World History Honors Group Project
Daily Life in 18 century Europe for the
Middle and Lower Classes
Labor, or laying-ins, had many various superstitions attached.
Form the sewing of a willow twig into the lady’s skirts to the
following Russian custom: The midwife would ask the laboring woman and her
husband to list all the people they had slept with. It was believed that if
they each told the truth, the labor would be easy; if one of them lied, the
labor would be difficult.
In the 18th century, a division between surgeons and midwives came
about, as medical men began to assert that their modern scientific
processes were better for mothers and infants than the folk-medical
midwives. At the outset of the 18th century in England, most babies were
caught by a midwife, but by the onset of the 19th century, the majority
of those babies born to persons of means had a surgeon involved.
Women wishing an abortion would overdose on such herbs or
alcohol, causing the womb to reject the fetus.
Common abortifacients, or herbs used to cause an abortion:
Saffron: Exotic herb also
used for jaundice, baby colic, and to get rid of menstrual periods
Pennyroyal: Also used in
teas to aid in menstrual flow
Common Rue: Also called
Herb-of-grace, used for colic, gas pains, and improving digestion.
Before 1753 it was very easy for two people to get married, of whatever
class, and however many times they wanted.
Before the Marriage Act of 1753 all that was required was an
exchange of words of consent in front of two witnesses, the vows must be
said in the present tense and the two to be married must be of age.
That is to say, 14 years old for men, and 12 for women.
It was also easy for parents to take away any dowry that might exist and
remove names from wills and in some cases, even cast out of the family.
Before the Marriage Act, it seems to have been quite common for
the woman to abandon her “spouse” because there was nothing in writing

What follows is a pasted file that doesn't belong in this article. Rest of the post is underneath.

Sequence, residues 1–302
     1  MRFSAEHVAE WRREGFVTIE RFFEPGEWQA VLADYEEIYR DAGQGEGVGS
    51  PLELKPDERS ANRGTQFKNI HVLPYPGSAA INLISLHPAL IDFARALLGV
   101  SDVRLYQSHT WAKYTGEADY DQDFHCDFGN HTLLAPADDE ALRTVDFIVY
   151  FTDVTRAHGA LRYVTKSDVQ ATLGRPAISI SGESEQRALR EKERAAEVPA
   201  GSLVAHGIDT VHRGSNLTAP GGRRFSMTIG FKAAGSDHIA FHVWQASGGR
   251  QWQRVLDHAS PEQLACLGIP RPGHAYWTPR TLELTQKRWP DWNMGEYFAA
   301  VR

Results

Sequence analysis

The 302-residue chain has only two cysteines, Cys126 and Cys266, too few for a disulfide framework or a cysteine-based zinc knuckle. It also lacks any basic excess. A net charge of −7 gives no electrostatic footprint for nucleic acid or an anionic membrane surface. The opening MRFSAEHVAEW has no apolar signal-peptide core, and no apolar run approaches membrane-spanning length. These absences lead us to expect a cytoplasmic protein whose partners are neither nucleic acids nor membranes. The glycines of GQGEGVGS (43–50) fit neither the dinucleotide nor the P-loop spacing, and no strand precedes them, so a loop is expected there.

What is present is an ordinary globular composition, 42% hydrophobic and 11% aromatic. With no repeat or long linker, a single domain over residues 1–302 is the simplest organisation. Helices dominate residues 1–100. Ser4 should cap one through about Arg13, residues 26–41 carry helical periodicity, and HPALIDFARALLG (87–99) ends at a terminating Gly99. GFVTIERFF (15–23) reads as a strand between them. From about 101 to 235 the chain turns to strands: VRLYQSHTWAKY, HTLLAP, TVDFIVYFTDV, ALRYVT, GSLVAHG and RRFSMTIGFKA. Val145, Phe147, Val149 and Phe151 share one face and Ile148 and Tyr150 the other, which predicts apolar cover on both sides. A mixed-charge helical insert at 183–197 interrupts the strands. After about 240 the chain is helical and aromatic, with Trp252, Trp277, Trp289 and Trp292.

to keep them there by law. Some men would "marry" one woman and desert
her and then go "marry" another.
As Sir Dudley Ryder expressed in 1753: "...when a young
gentleman or lady is entitled to a large estate, the advantage
to be got by marrying them is so great, and consequently the
temptation so strong, that our laws have never been able to
prevent the evil.''
Sir Dudley also says "every gentleman that has been
conversant in the practice of the law knows, what a
number of expensive law suits are thereby occasioned
about the legitimacy of children; and how difficult it
often is to determine whether the parents were married
or no: nay, sometimes a clandestine marriage is set up
after a man's death, which was never heard of in his
life time, and by an incontestable proof, which by ways
and means may be obtained, his whole effects are carried
away from his relations by the children of a woman whom
he never acknowledged as his wife."
This act required that the marriage take place
with banns and they couple must purchase a
marriage license. If the two are under the age
of twenty-one, then they must have their
parent's permission. The wedding must take place
between eight in the morning and noon. The